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Famous Stand Alone Search Engines from the Past
*Also See Pay Per Click Search Engines
Northern Light - in the past this was a search engine providing a more academic view of the web. It crawled the web and delievered regular search engine like results from webpages and even had its own private academic library that could be viewed online for a fee. Northern Light is famous for sponsoring Indy Racing for millions of dollars. Originally Northern Light had agree to a $50 million dollar 5 year sponsorship of Indy racing but this was renegotiated and Northern Light ending up only paying for two years of sponsorship for $20 million or so. A search engine sponsoring racing which is not techie at all while not being known by hardly anyone online except people who run websites for money is just plain stupid. In the end Northern Light converted over to more of a pay per use search thing for academic journals exclusively and now they focus more on trying to sell their search solutions to corporations. They are about dead by now.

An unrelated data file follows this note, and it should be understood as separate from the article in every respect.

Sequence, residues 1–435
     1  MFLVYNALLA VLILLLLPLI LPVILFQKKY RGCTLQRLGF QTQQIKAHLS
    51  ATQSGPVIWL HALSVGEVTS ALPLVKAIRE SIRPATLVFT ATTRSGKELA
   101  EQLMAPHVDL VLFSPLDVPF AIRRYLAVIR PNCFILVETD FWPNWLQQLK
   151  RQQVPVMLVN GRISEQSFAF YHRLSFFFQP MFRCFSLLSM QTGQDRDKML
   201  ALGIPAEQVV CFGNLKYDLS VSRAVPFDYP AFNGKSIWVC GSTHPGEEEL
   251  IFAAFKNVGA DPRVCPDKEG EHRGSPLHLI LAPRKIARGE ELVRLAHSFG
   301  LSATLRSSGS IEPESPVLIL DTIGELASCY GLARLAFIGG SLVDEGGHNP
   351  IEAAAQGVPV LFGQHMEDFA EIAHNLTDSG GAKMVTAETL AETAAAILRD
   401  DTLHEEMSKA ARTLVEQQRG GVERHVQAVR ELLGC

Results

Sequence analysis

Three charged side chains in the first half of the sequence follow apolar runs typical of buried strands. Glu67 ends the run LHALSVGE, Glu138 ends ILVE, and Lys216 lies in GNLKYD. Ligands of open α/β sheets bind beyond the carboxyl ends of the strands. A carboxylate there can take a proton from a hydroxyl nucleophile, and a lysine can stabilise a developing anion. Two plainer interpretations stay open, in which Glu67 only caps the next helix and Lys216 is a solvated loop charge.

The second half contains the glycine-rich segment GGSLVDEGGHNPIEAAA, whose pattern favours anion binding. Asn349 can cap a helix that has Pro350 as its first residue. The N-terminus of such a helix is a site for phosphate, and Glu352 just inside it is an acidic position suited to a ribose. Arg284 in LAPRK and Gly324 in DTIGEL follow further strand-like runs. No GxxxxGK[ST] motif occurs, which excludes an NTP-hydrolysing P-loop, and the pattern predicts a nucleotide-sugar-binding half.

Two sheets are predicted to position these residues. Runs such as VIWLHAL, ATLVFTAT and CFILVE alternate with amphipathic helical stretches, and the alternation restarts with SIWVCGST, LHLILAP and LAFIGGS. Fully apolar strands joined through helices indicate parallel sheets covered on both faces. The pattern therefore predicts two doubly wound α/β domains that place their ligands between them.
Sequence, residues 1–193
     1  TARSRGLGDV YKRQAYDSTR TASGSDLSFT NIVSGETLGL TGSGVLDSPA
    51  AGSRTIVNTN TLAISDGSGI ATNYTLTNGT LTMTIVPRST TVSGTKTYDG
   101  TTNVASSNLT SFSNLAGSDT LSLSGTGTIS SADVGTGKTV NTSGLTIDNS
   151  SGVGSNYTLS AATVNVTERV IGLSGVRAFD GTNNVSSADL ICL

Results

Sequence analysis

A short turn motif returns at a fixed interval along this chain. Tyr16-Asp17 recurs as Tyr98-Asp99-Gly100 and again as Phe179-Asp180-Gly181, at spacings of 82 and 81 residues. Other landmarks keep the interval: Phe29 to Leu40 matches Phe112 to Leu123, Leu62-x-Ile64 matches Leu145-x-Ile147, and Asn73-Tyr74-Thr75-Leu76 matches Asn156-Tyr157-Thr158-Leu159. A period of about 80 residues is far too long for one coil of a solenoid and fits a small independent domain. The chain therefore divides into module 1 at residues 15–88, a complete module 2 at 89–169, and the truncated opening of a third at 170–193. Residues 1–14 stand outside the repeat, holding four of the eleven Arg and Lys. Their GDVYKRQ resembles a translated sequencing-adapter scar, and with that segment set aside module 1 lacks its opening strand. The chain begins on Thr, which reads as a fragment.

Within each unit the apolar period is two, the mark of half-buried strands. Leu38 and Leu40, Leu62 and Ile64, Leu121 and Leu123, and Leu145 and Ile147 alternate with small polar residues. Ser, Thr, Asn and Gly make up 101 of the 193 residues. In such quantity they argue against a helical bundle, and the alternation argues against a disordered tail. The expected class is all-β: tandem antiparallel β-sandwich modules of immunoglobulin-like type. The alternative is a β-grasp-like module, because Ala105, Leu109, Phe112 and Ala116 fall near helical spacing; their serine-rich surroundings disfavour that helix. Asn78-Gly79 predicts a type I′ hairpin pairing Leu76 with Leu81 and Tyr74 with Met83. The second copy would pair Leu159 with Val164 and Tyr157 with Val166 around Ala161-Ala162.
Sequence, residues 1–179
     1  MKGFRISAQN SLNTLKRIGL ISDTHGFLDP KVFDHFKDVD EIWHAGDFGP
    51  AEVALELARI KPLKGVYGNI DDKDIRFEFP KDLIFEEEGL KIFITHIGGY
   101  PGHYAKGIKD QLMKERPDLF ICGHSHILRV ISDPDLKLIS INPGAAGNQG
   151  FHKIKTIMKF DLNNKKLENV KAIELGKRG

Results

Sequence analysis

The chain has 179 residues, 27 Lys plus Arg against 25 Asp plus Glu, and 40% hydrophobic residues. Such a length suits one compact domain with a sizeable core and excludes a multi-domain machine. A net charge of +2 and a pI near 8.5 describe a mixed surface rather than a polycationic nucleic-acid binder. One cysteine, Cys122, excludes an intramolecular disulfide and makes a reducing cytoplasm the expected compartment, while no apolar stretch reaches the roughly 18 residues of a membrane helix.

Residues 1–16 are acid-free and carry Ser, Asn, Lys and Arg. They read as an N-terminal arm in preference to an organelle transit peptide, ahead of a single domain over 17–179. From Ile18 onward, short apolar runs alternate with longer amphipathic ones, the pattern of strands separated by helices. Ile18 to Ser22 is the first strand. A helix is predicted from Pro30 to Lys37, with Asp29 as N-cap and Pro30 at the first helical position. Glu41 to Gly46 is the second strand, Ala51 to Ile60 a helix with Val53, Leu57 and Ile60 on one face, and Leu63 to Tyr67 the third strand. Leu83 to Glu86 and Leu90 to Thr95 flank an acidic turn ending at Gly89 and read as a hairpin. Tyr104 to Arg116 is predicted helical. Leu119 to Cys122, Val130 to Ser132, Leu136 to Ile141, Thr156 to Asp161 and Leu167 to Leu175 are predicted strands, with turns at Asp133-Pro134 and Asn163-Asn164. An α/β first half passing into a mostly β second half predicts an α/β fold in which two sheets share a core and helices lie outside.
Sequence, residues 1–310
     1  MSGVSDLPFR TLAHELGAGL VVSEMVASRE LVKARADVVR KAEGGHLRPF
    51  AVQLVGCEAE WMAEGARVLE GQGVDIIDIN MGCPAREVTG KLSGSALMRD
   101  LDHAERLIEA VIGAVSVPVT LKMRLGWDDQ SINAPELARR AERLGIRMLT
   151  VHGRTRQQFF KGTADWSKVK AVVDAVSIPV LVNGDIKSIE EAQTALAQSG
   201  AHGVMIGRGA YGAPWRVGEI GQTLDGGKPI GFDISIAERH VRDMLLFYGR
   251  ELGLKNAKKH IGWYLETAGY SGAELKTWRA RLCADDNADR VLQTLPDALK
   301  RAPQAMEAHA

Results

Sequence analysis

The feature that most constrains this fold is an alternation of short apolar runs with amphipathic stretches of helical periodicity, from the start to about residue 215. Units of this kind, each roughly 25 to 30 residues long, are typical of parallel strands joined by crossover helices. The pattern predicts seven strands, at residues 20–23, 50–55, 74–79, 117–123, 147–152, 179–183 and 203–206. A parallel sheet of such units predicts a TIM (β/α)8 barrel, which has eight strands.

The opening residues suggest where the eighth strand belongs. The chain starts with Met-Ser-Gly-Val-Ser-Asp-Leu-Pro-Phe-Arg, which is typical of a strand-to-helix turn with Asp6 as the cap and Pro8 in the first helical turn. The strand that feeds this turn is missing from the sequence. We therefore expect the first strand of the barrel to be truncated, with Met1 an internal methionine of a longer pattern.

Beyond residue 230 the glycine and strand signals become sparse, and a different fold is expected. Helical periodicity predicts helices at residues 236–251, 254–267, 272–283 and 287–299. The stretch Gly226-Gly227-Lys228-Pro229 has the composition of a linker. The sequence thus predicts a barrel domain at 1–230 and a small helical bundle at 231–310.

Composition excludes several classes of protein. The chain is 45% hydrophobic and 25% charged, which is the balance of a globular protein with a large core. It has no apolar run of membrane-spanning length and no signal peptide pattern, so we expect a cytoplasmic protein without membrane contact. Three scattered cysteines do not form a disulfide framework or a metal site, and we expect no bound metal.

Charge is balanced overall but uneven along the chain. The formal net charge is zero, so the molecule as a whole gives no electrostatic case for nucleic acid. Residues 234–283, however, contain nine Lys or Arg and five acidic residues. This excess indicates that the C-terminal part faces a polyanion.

http://www.infotoday.com/newsbreaks/nb020114-1.htm this is an article about Northern Light's departure from providing free search results.
http://www.racewire.com/archive/article/16/2184/124 this is an article about Northern Light ending their advertising agreement with Indy Racing.